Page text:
McLoughlin Scar Tissue Release

“Every scar represents some kind of trauma to the body – and the event that created it. Therefore we must employ more care, consideration and empathy than usual. You do not know the story behind the scar.”
– Alastair McLoughlin

Effects of scar tissue

Scars have the potential for creating both physiological and psychological impact. We can associate scars not only with cuts, incisions, and surgery but also with tears due to injury or trauma, plantar fasciitis, rotator cuff injury, disease, and other medical conditions.

For some, it can mean long term effects on:

  • neural pathways
  • range of movement
  • blood and lymph flow
  • emotional and psychological levels

Dysfunctional fascia due to scarring restricts the contraction / relaxation process inhibiting the normal healing and movement process.

Types of scars

 Atrophic scars: an indented scar that heals below the normal layer of the skin tissue. Atrophic scars form when the skin is unable to regenerate tissue. As a result, it leaves behind imbalanced scarring. Atrophic scars are often the result of severe acne or chickenpox. Acne scars may be categorised according to their appearance such as boxer or icepick.

Hypertrophic scars: these are red scars that rise above the skin. They do not spread beyond the spot where the injury occurred. Although they can look similar, hypertrophic scars and keloids are not the same. A hypertrophic scar stays within the boundaries of the incision; a keloid extends beyond the incision line itself. With hypertrophic scars, more collagen forms than is broken down.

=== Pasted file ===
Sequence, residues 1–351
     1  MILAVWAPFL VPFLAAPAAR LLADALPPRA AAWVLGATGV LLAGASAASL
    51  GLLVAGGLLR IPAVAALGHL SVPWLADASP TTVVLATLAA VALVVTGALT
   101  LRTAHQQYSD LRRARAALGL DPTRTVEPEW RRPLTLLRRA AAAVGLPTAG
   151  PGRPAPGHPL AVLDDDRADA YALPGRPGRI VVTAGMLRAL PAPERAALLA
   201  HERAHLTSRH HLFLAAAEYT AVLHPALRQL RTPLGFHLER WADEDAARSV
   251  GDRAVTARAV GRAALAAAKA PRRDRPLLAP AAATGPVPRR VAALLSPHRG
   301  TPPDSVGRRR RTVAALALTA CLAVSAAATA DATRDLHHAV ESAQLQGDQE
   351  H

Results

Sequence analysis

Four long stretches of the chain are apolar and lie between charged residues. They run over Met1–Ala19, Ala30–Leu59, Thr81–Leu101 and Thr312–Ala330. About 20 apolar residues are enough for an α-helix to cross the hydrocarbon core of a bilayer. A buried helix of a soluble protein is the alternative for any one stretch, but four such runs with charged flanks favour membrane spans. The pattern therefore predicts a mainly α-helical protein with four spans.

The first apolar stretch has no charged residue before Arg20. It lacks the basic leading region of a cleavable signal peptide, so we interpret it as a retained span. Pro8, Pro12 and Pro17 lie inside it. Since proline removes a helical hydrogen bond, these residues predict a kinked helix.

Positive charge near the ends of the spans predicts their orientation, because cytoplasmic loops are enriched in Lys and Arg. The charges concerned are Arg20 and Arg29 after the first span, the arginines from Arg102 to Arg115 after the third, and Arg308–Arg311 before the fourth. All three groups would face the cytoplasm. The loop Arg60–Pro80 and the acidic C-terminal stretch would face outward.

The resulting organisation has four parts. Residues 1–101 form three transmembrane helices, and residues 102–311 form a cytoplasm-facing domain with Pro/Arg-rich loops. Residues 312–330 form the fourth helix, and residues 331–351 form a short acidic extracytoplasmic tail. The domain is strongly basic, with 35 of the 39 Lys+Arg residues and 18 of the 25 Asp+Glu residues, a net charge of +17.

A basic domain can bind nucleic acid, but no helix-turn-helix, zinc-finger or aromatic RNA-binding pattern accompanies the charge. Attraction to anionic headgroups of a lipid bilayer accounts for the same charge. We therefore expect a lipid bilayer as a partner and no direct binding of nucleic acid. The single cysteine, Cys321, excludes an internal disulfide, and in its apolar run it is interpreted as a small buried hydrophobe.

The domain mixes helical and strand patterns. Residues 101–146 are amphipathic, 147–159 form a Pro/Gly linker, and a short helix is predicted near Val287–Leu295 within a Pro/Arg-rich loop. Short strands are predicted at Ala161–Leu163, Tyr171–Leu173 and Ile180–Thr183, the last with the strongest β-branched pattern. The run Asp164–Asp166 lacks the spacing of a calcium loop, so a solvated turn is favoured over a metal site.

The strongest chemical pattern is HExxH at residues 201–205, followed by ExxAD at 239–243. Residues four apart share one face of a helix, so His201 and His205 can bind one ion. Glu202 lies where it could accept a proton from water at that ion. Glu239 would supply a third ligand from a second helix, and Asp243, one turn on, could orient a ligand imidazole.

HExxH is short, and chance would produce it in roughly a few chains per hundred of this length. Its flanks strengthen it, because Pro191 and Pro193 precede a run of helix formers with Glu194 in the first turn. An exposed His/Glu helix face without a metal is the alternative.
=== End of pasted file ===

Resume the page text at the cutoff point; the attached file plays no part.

Keloid scars: Caused by uncontrollable production of collagen. The precise mechanism that results in an over-expression of collagen remains unknown. Some people are highly susceptible to keloid formation and form keloids with even minor scratches. Another type of hypertrophic scar is called a rolling scar. These appear like waves of skin due to the fibrous bands of tissue that form in the remodelling phase.

Contracture scars: These scars typically occur after the skin is burned. They cause tightening (contracting) of the skin that can reduce the ability to move.

Burns: – are put into 3 categories

  • 1st degree localised redness and inflammation/swelling/tenderness/painful
  • 2nd degree is deeper and blisters appear
  • 3rd degree is full depth of all the skin layers. Blood vessels and nerves are damaged

Stretch Marks: are caused by tearing of the dermis during periods of rapid growth of the body, such as during puberty and pregnancy. Also of special note is the minuscule scarring caused by intramuscular or dermal injection – such as epidurals and vaccinations scars.

Skin grafts and flap grafts

  • Split thickness – a dermatome tool takes the top layer of skin from the toner site allowing regeneration of skin in that area
  • Full thickness – takes the full dermis and requires closing by a surgeon
  • Flap – takes all layers, including muscle, blood vessels, fat and sometimes bone.